Sports fans across the globe get most of their sports news and information from ESPN, the cable television network dedicated to broadcasting and producing sports-related programming 24/7 365 days a year. And if you visit the website of “the worldwide leader in sports” chances are you’ve read the work of associate editor, Shannon Cross. Rolling out recently talked to Ms. Cross about her work and the industry.–christa e. jackson
Tell me about your background and how you ended up choosing your career field.
I fell in love with sports at a young age and [then] journalism because I had a god-given talent for writing. I never really thought about what I naturally did well until I went to college. I owe a lot to my professors in school and the internships that I had for steering me in the right direction.
How did you you become an editor at ESPN.com?
I started off as an intern at ESPN in Charlotte. My first job out of college I served as a news assistant at an NBC affiliate in Charlotte and then I went on to become a producer at a FOX affiliate in the area. Shortly after that, ESPN offered me a position as a strategic programming coordinator and I took it. After about two years in that position I moved to ESPN.com as an associate editor and it was the perfect place for me to utilize my production, programming and writing background. As an editor in the talent integration department I ghost write for on-air talent, coordinate content cross-platform, and create and manage special feature pages for projects like Content of Character (MLK Day page), Black History Month, The ESPYS, Life of Reilly, Mayne Street, and 30 for 30 films.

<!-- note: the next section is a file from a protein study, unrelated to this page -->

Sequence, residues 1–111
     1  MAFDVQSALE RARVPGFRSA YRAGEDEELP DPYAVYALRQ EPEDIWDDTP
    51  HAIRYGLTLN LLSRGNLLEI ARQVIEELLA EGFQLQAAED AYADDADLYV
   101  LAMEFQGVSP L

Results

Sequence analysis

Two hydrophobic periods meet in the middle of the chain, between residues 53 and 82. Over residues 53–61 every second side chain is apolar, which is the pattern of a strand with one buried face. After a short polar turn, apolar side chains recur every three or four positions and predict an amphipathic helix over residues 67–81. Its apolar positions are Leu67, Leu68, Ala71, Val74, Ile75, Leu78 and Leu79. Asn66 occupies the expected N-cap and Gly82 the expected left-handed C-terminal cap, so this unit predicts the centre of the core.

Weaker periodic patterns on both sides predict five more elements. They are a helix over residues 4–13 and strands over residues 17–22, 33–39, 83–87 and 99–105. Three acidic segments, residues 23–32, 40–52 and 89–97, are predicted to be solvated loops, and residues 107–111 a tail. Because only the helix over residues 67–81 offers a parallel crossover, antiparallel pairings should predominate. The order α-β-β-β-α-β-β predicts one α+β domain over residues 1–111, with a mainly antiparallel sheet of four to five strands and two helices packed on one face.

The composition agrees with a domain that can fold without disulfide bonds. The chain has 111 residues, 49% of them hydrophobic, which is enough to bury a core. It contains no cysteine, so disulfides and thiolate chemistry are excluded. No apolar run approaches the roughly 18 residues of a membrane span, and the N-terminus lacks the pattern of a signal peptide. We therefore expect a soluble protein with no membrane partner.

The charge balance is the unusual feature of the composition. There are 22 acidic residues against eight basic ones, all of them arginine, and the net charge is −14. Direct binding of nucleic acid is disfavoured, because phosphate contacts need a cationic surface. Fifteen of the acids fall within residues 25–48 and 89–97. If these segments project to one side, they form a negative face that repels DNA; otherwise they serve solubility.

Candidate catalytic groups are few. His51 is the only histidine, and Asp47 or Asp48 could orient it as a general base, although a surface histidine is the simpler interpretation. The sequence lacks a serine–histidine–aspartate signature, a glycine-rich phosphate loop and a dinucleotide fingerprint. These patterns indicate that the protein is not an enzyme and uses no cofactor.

How has the industry changed since you started at ESPN?
The company is very diverse, though we can do better, it is constantly growing and has grown significantly in the last five years. ESPN has continued it’s commitment to diversity by embracing women sports fans and athletes with the launch of espnW in 2010. It’s an amazing initiative that will continue to flourish.
What does it take for an African American women be taken seriously in sports media?
Immerse yourself in this industry. It’s the only way you will be taken seriously. Don’t act like you know everything because that’s when you will be exposed. And finally, don’t try to do it all yourself, work with a team of talented people to achieve your goal. Not only will your assignment or project be better, but you’ll learn something new and in the process build stronger relationships.
Where do you see the opportunities for African Americans at ESPN going?
They are definitely going up. ESPN is always looking for diverse talent and I have just been invited to Morehouse College for a career day to speak to those students about opportunities at ESPN. There is truly a need for talent not only on-air but also behind the scenes because we are the media source creating the perceptions of theses athletes.